Michael Phelps leads strong US team at Pan Pacific swimming meet

By Beth Harris, AP
Tuesday, August 17, 2010

Halfway to London Olympics at Pan Pacific meet

IRVINE, Calif. — The Pan Pacific Championships are a way for Michael Phelps and everyone else to figure out where they are halfway to the London Olympics.

The year’s biggest international swimming meet begins Wednesday, with Phelps racing in the 200-meter butterfly, the first of four individual events.

“I’m not as happy as I want to be with my swimming and I know how to change that,” said Phelps, who suffered two losses in the recent U.S. nationals in the same pool.

Besides Phelps, the U.S. team is loaded with world record-holders Ryan Lochte, Aaron Peirsol and Jessica Hardy, and 11-time Olympic medalist Natalie Coughlin.

The U.S. brought the biggest team — 60 swimmers — to the outdoor William Woollett Jr. Aquatic Center, the site of the 2005 Duel in the Pool between the U.S. and Australia.

At stake for the Americans are berths on the national team for next year’s world championships in Shanghai.

The Aussies brought 59 swimmers, although one-third are newcomers getting their first taste of major international competition. Some of them are vying for the last spot on their national team for the Commonwealth Games in October.

“It’s a rebuilding of the Australian swim team,” coach Leigh Nugent said Tuesday. “We’re trying to put 2009 behind us with the suits.”

The meet is a test of the new swimsuit rules put in place earlier this year, banning the neck-to-ankle outfits that helped produce 43 world records at last year’s world championships in Rome.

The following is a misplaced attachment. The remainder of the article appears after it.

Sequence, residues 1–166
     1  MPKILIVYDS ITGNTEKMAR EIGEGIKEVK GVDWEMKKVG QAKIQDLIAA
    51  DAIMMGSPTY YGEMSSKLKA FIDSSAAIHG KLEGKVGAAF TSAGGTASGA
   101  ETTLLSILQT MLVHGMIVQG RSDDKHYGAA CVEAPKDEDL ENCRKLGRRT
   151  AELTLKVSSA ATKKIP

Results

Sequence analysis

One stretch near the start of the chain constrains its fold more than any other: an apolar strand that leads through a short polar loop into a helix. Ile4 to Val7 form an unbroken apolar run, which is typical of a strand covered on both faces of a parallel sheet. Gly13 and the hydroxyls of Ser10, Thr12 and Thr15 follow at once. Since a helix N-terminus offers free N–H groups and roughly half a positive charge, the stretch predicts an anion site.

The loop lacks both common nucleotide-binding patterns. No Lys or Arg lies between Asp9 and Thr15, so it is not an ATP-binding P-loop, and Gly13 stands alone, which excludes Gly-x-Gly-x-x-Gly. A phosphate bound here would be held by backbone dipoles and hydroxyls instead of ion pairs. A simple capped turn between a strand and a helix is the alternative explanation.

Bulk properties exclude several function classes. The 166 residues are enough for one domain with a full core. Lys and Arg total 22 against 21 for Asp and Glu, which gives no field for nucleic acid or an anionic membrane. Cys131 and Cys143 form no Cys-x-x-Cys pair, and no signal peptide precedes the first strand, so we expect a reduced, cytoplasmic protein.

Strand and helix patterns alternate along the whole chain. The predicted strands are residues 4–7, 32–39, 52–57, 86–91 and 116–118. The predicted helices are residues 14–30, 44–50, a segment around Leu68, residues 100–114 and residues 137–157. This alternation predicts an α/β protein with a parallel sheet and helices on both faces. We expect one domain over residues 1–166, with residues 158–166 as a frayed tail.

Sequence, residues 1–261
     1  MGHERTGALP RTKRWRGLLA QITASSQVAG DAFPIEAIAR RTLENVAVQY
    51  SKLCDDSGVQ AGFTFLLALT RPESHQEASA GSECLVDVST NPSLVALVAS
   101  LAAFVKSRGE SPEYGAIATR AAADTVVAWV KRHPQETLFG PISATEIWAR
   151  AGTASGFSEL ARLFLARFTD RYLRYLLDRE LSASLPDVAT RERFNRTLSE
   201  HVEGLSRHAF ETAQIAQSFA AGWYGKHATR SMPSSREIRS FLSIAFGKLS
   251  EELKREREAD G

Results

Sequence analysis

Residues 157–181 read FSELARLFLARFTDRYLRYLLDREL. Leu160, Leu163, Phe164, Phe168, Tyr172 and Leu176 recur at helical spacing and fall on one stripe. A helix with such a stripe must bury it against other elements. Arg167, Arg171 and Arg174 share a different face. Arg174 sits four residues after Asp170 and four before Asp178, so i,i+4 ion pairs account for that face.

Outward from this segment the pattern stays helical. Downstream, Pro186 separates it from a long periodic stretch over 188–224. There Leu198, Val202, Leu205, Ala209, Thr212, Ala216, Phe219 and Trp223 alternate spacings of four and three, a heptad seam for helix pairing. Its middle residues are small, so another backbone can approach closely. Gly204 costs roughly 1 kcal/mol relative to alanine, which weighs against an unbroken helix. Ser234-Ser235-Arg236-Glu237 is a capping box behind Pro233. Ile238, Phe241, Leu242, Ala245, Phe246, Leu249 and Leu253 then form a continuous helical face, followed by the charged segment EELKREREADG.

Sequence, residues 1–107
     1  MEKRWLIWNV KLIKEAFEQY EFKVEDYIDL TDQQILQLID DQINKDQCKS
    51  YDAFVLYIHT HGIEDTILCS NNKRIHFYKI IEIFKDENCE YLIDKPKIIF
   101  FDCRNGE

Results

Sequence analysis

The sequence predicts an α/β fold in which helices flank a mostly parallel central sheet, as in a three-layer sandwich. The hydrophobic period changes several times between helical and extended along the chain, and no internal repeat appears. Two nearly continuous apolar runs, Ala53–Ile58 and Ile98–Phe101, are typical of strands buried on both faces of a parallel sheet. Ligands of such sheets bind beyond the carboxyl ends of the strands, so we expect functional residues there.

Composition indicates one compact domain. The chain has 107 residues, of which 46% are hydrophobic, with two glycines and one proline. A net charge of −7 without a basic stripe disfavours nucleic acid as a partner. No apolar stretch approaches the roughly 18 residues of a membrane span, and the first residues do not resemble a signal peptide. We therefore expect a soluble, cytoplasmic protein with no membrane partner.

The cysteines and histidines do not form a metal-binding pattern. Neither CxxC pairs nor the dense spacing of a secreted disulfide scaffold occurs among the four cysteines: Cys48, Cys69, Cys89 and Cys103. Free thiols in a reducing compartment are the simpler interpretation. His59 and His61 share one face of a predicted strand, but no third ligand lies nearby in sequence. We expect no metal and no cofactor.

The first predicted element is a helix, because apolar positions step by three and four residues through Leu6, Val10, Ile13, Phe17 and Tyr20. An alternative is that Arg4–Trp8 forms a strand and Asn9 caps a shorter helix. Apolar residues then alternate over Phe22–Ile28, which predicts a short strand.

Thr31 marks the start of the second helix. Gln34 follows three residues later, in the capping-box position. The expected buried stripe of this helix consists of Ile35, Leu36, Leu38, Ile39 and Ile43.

Men are only allowed to wear waist-to-knee “jammers,” while women must wear shoulder-to-knee suits and only textile materials may be used.

“Now we’re in a place where it’s a much more level playing field,” said Nugent, who speculated times this week could be closer to last year’s records, especially in the women’s events.

Aussie Brenton Rickard won gold in the 100 breaststroke with a world-record time at last year’s worlds wearing a now-banned suit.

“The whole drama that was 2009 probably took away from some of the racing that occurred,” he said. “I still feel I’m the world champion and I want to prove that again.”

Last week’s European championships produced several of the world’s fastest times this year, but no world marks.

“I think it’s going to be a super-fast event,” Nugent said.

Each country is limited to two swimmers in the finals, which puts pressure to advance out of the morning preliminaries.

Triple Olympic gold medalist Stephanie Rice remains a question mark for the Aussies because of a shoulder injury. She is entered in four events, including the 50-meter butterfly on Wednesday.

“Her shoulder is tender, so it’s a day-by-day proposition,” Nugent said. “She’s been able to swim quite well some days and some days not so good.”

Aussie Olympian Leisel Jones, who took most of last year off, will challenge American Rebecca Soni in the breaststroke events.

“It’s always good when you have someone who is a small margin in front of you,” Jones said.

Jess Schipper will defend her Pan Pac titles from 2006 in the butterfly events, while 18-year-old Emily Seebohm challenges Olympic champion Natalie Coughlin in the 100 backstroke.

Canada has a 57-member team and Japan brought 49 swimmers, including two-time Olympic breaststroke champion Kosuke Kitajima. Brazil has 44 swimmers, including world and Olympic freestyle sprint champion Cesar Cielo.

China is here, too, although with just four swimmers.

At last year’s worlds, the U.S. topped the gold medal table, followed by China, Germany and Australia.

“We’re using it as motivation to help us try harder,” Schipper said about the Aussies’ fall from being the world’s No. 2 swimming power.

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